6. Rove Beetles (Family Staphylinidae)

Rove beetle.
Whitney Cranshaw, Colorado State University, Bugwood.org
Rove beetles are associated with carcasses and cadavers, although they aren't carrion feeders. They feed on maggots and other insect larvae found on carrion. Rove beetles will colonize a carcass during any stage of decomposition, but they avoid very moist substrates. Staphylinidae is one of the largest beetle families in North America, with over 4,000 member species.

7. Sap Beetles (Family Nitidulidae)

Most sap beetles live near fermenting or souring plant fluids, so you might find them on rotting melons or where sap is flowing from a tree. A few sap beetles prefer carcasses, however, and these species may be valuable for forensic analysis. Surprisingly, though their sap beetle cousins prefer moist food sources, like decaying fruit, those that inhabit carcasses tend to do so in the later, drier stages of decomposition.

8. Clown Beetles (Family Histeridae)

Clown beetles, also known as hister beetles, inhabit carrion, dung, and other decaying materials. They rarely measure more than 10 mm in length. Clown beetles prefer to shelter in the soil under the carcass during the day. They emerge at night to prey on carrion-feeding insects, like maggots or dermestid beetle larvae.

9. False Clown Beetles (Family Sphaeritidae)

The false clown beetles lives in carrion and dung, as well as in decaying fungi. Their use in forensic investigations is limited, simply because the size and distribution of the family Sphaeritidae is extremely small. In North America, the group is represented by just a single species, Sphaerites politus, and this tiny beetle is found only in the Pacific Northwest up to Alaska.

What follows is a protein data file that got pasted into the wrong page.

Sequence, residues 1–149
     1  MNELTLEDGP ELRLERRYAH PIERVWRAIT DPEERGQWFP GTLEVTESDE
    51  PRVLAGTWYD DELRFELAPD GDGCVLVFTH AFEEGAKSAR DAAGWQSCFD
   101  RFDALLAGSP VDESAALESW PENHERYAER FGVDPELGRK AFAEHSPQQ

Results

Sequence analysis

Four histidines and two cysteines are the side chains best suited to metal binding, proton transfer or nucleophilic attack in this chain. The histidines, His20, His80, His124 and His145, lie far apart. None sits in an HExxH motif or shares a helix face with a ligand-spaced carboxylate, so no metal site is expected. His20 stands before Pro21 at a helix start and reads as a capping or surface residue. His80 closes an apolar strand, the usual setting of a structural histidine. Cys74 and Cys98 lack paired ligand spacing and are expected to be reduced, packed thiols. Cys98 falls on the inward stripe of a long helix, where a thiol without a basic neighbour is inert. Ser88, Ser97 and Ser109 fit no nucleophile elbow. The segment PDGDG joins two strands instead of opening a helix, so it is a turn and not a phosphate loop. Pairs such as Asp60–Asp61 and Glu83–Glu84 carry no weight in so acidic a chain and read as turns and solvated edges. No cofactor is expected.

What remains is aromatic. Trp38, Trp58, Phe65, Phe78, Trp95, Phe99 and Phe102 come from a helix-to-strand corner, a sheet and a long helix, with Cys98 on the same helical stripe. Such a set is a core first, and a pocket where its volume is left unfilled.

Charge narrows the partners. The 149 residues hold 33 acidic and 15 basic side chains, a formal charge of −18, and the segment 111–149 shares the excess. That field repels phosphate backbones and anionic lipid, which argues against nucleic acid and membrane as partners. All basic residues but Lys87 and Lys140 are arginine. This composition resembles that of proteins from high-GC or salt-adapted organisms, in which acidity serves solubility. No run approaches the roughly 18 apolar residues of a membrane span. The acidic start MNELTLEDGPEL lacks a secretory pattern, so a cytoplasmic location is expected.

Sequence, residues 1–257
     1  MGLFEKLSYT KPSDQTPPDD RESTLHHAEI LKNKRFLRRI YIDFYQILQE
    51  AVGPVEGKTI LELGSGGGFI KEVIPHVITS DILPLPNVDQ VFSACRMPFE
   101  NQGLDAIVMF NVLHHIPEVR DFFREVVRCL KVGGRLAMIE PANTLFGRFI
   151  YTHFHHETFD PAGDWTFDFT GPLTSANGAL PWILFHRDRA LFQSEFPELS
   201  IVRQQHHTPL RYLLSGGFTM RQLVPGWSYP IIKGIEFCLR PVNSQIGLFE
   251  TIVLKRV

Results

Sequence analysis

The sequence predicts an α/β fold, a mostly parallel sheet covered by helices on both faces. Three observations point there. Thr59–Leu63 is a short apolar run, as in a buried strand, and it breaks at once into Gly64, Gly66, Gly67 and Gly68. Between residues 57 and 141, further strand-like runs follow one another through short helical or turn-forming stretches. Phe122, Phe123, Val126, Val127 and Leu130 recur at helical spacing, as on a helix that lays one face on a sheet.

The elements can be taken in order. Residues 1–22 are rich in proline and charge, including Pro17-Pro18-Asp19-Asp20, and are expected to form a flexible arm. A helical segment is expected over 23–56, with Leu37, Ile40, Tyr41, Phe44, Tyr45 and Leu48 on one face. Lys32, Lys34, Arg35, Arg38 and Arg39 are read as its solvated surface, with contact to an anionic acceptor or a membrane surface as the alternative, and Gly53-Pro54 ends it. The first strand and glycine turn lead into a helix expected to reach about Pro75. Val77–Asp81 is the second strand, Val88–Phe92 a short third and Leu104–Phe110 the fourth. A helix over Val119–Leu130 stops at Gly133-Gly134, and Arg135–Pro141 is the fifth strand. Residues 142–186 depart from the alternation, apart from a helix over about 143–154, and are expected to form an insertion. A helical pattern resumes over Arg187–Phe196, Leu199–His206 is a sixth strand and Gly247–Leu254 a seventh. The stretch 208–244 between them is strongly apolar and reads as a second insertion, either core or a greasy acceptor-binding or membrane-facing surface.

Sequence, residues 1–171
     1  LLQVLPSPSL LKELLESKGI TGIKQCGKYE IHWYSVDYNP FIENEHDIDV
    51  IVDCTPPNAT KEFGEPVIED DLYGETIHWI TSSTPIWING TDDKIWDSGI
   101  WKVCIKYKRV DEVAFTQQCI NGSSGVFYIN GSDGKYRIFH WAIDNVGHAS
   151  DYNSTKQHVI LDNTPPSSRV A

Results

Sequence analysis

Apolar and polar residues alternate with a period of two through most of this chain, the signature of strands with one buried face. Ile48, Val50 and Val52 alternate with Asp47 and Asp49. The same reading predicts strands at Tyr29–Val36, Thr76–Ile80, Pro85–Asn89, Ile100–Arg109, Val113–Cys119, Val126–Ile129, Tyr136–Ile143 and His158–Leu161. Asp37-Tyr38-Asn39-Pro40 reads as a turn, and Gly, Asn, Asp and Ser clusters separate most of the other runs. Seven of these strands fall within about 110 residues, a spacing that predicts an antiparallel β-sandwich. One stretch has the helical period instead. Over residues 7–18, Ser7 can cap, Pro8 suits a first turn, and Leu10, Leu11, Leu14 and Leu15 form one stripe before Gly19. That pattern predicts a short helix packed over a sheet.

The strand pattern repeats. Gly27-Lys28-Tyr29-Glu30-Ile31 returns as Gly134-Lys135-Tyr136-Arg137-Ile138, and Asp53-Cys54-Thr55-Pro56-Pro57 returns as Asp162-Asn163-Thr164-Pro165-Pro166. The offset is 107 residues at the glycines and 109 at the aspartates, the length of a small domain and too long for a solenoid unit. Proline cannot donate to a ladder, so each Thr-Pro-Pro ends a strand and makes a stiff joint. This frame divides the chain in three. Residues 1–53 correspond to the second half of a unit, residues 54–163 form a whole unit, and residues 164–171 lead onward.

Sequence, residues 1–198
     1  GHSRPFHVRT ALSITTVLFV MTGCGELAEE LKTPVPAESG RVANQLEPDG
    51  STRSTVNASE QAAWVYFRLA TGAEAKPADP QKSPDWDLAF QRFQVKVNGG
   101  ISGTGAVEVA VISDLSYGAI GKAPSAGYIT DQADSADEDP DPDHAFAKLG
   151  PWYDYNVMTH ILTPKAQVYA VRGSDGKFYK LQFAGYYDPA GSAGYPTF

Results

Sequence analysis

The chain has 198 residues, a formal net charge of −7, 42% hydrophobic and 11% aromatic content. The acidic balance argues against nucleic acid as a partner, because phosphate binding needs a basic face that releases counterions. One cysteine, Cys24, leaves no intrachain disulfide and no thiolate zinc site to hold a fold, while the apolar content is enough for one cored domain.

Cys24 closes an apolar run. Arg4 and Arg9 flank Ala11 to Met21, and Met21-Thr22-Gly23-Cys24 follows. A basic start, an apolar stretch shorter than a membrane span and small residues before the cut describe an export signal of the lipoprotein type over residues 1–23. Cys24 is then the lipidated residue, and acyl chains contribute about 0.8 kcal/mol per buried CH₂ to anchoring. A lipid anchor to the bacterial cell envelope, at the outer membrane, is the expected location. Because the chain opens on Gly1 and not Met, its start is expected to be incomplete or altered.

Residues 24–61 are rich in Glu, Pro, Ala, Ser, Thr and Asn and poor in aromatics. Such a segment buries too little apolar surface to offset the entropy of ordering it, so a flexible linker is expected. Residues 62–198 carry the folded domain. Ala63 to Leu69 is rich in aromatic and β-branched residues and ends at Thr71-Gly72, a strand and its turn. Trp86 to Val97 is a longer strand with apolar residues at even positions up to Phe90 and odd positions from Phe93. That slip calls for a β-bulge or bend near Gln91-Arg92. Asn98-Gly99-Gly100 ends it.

10. Primitive Carrion Beetles (Family Agyrtidae)

The primitive carrion beetles hold less value to forensic science, if only due to their small numbers. Just eleven species inhabit North America, and ten of them live in the Pacific Coast states. These beetles were once treated as members of the family Silphidae, and in some texts may still be grouped as such. Primitive carrion beetles can be found on carrion or in decaying vegetative matter.

11. Earth-Boring Dung Beetles (Family Geotrupidae)

Though called dung beetles, Geotrupids also feed and live on carrion. Their larvae scavenge on manure, decaying fungi, and vertebrate carcasses. Earth-boring dung beetles vary in size, from just a few millimeters to about 2.5 centimeters long, and colonize carcasses during the active decay stage of decomposition.

Sources:

  • Borror and DeLong's Introduction to the Study of Insects, 7th Edition, by Charles A. Triplehorn and Norman F. Johnson
  • Forensic Entomology: The Utility of Arthropods in Legal Investigations, by Jason H. Byrd, James L. Castner
  • Forensic Entomology: An Introduction, by Dorothy Gennard
  • Current Concepts in Forensic Entomology, by Jens Amendt, M. Lee Goff